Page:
“Follow your bliss and the universe will open doors where there were only walls.” ~Joseph Campbell
|Dance by Lyric Montgomery Kinard
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What is your calling?
Finding your calling is a wonderful thing. Sometimes it comes to you in a blast of enlightenment, sometimes it slowly grows on you as you wander aimlessly. Either way you take the seeds of the talent you have been given and you nurture and develop it into something you can use to create a better world. Joseph Campbell said, “One way or another, we all have to find what best fosters the flowering of our humanity in this contemporary life, and dedicate ourselves to that.”
Where is the bliss?
I know what my calling is…. so where’s the bliss? It’s the peak of summer and I’m tired. I’m keeping the children occupied, trying to keep the house from devolving into complete chaos, struggling to meet deadlines. My art-making feels much the same way. I’m barely slogging through the things that must be done. Aren’t I supposed to feel bliss every time I sit down to my sewing machine or pick up a paint brush?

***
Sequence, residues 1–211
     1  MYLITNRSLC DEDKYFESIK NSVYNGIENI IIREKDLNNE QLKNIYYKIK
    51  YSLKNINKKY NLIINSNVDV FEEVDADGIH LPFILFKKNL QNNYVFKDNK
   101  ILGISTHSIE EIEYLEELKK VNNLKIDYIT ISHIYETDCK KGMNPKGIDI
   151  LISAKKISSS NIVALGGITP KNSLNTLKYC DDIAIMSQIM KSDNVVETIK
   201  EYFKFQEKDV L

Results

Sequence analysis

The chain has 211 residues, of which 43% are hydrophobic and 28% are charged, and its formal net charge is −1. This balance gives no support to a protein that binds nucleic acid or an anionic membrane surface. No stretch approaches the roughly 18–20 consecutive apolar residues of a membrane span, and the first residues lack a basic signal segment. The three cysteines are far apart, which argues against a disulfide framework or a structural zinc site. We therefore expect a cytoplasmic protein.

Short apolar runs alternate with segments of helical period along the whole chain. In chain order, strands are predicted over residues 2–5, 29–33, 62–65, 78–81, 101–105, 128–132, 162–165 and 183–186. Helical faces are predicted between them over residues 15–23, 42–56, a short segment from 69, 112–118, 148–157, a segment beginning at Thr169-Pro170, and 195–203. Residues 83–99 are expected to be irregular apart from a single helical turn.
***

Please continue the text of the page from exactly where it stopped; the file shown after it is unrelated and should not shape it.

I recently read an article by Jefferey Thompson, a professor at the Romney Institute of Public Management. He studies things like “callings” and workplace satisfaction. Some of the most satisfied workers in their professions? Zookeepers. They are passionate about what they do. Are they always blissful? No. They are not paid well, the hours can be difficult caring for sick animals through the night, and the work can be at times – well – unsavory. Professor Thompson learned something very interesting.
“The pain and burdens and sacrifice were not threats to their sense of calling—they were part of it. The work was meaningful because of the trials and burdens. That is an important lesson. We can’t expect deep meaningfulness from our calling unless we are willing to assume its burdens as well.” A number of years after Joseph Campbell coined the phrase “follow your bliss” he quipped, “What I should have said was, ‘follow your BLISTERS!'”
Ah. This is the “blister” part of summertime. Motherhood, art-making, zookeeping; they all have their slogging, difficult moments. They are worthwhile callings. The children will have had a good summer. I’ll have time soon to develop some of the beginnings of ideas for some new artworks. It’s not all bliss but it is my calling. What is yours?
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